Kontakt / contact     Hauptseite / page
            principale / pagina principal / home     zurück / retour / indietro / atrás / back

Yehuda Bauer: My Brother's Keeper

A History of the American Jewish Joint Distribution Committee 1929-1939

[Holocaust preparations in Europe and resistance without solution of the situation]

The Jewish Publication Society of America, Philadelphia 1974

Transcription with subtitles by Michael Palomino (2007)



Chapter 6. The Beginning of the End
[H. Reactions abroad to the Reichskristallnacht / crystal night and to the split of CSSR]

[6.26. England's policy: 63-65,000 Jewish refugees by the end of 1939]

Great Britain was a special case as far as the refugees were concerned. In the wake of the November pogrom [Crystal Night Nov 1938], Britain's refugee population grew to 13,500 by January 1939. However, both government and public opinion were under a special kind of moral pressure. To a certain degree the government felt responsible for the Munich settlement and for the events that followed. Then there was Palestine, where since October 1938 it had been clear that a pro-Arab compromise that would put an end to Jewish immigration was planned. In early December the government turned a deaf ear to the demand of the Jewish Agency to allow the immigration of 10,000 children from Germany and Austria to Palestine.

(End note 125: Hansard Parliamentary Debates, House of Lords, vol. 111, no. 13, col. 463, 12/8/38, speech by Lord Dufferin)

But it felt that an alternative should be offered. The alternative was to create a sanctuary for children in the United Kingdom itself. In addition, an arrangement was offered whereby Jewish women could come to Britain to work as domestic servants. Other visas for adults with good recommendations could also be obtained. (p.270)

[21 Nov 1938: Britain: 11,000 Jewish refugees bring work for 15,000 Britons]

In the debate on refugees in the British House of Commons on November 21, 1938, the home secretary pointedly referred to the fact that the 11,000 refugees from Hitler who had been admitted to Britain had already provided employment for 15,000 Britons. (p.274)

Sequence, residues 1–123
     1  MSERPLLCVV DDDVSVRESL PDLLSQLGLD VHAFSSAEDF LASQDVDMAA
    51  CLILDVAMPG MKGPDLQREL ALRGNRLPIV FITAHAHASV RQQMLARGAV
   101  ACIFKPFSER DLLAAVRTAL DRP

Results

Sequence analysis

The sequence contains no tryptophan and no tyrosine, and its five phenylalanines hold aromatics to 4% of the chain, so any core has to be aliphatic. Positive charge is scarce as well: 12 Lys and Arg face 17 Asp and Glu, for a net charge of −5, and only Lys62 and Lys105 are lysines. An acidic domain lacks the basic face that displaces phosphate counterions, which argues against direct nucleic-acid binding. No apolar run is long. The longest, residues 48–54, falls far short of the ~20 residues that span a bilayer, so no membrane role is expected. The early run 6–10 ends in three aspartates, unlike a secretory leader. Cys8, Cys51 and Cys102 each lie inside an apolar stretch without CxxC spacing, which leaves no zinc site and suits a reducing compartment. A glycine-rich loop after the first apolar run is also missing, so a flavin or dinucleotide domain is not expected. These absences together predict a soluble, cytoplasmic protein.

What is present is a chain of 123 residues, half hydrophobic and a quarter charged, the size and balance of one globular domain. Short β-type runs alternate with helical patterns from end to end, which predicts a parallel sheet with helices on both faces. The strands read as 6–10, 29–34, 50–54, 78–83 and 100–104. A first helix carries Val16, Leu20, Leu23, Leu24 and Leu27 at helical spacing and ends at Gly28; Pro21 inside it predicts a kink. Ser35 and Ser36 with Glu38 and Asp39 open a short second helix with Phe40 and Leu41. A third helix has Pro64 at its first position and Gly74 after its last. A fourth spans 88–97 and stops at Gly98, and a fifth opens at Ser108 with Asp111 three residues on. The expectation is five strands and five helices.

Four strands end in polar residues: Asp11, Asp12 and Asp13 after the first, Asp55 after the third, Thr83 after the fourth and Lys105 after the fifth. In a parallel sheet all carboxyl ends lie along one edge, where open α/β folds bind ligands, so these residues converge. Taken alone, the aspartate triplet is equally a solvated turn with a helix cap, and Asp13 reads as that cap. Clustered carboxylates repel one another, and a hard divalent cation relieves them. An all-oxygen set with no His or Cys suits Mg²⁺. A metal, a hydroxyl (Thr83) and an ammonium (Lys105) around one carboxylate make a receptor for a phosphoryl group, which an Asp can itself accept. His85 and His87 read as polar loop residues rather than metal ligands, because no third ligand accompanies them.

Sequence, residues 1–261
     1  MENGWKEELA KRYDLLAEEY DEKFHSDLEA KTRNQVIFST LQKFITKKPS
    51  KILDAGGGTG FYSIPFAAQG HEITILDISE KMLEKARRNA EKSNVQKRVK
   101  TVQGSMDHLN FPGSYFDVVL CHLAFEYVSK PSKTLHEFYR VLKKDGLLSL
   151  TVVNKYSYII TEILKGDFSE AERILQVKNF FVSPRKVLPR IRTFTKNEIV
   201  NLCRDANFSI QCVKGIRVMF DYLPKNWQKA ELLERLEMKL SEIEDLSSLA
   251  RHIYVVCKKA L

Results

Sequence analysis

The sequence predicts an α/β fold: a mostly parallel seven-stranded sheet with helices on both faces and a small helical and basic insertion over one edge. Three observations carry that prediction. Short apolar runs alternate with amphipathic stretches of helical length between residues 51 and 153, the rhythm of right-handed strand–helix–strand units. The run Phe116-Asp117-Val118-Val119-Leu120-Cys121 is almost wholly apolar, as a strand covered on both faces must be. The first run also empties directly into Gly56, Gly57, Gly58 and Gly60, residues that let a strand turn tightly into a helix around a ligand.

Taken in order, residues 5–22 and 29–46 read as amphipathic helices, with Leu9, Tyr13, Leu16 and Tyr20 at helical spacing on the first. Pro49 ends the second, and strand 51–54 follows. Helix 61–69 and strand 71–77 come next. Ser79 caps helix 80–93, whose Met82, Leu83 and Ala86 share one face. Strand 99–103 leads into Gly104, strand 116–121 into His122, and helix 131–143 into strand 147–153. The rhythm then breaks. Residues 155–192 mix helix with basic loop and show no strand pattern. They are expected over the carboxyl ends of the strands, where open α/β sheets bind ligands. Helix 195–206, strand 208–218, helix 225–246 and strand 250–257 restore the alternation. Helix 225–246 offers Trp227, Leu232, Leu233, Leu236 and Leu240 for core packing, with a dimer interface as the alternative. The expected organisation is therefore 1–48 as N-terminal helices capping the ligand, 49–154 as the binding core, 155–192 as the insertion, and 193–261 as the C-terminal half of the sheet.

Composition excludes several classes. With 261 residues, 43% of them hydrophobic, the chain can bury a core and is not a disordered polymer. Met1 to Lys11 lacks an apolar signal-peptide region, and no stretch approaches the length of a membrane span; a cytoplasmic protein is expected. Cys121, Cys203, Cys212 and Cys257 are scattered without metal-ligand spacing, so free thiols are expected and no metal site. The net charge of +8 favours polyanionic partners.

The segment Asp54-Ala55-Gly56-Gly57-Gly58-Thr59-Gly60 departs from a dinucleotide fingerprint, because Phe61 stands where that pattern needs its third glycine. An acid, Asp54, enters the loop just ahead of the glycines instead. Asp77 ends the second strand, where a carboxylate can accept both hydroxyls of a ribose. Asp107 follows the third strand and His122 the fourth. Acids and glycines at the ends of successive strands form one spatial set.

[End 1939: 63-65,000 Jewish refugees in Britain]

By the end of 1939 there were between 63,000 and 65,000 refugees in Britain. Of these, 9,354 were children and 15,000 were domestic servants.

(End note 126:
-- R21, 1939 draft report;
-- 12-22, report, 1933-43

This large-scale acceptance of Jewish refugees, while welcomed by a large part of the British public, did not go completely unchallenged.

(End note 127: See, for example: Sunday Pictorial, 1/20/39 [20 Jan 1939]: Refugees Get Jobs; Britons Get Dole.

But the climate in Britain in early 1939, and especially later, as it became clear that Hitler would not keep the promise he gave at Munich, was no longer unfavorable to the refugees. Many - 7-8,000 - were liberated from concentration camps on the strength of British entry permits.

[Since Nov 1938: Fund raising by the Council for German Jewry - aid to refugees]

The Council for German Jewry started its collection after the (p.270)

November pogrom [1938]. It collected 850,000 pounds up to the outbreak of war. Of this very large sum, 286,000 pounds were allocated for the care of refugees in England; 145,270 pounds were not allocated at the time but were used later, during the war, to support refugees in Britain. The rest went to support work in Palestine, Shanghai and other places.

[Dec 1938 approx.: Baldwin Fund for Refugees set up]

Others were also making financial efforts. Under Earl Baldwin's leadership, the Baldwin Fund for Refugees was founded; it collected 400,000 pounds. It was estimated that 90 % of the contributors to this fund were Jews; 50 % of the money collected went to support the work of the Council for German Jewry.

(End note 128: Joseph L. Cohen: Salvaging German Jewry; London 1939)

A number of smaller Christian committees were coordinated under the leadership of Lord Hailey in the Christian Council for Refugees.

[Change within the Council for German Jewry: Samuel goes - Reading comes]

The Council for German Jewry itself was transformed; in February, Lord Samuel resigned and Lord Reading became chairman. With this change all pretence that the council represented the American organizations, and especially JDC, came to an end. It became officially what it had long been in fact: a purely British institution, which cooperated with JDC but in no sense represented it.

[Camps for Jewish refugees and emigration expectations]

One of the more fruitful ideas advanced at that hectic time by those favoring the entry of Jewish refugees into Britain was to create large camps for adults and children where the refugees could remain until more permanent homes were found for them. Kahn cabled that the idea was in the "meantime (to) erect camps (and) training centers wherever possible for (the) young generation."

(End note 129: 14-60, Kahn cable, 11/14/38 [14 November 1938])

The largest such camp was opened at Richborough (Kitchener Camp). Of course, the acceptance of refugees into Britain was considered largely a temporary measure, and most, if not all, refugees were expected ultimately to emigrate to other countries.

(End note 130: Hyman at Executive Committee, 1/26/39 [26 January 1939])

[Jewish illegal immigration to England by boat - protection of boat people]

During the last months before the outbreak of war, illegal immigration was attempted even into Britain on a small scale. It is symptomatic that British sailors were reported to have facilitated such immigration and that British judges were inclined to recommend that such immigrants not be deported. (p.271)

(End note 131: 31-Germany, refugees, 1939-42, 2/21/39 [21 February 1939], Adler to Borchardt)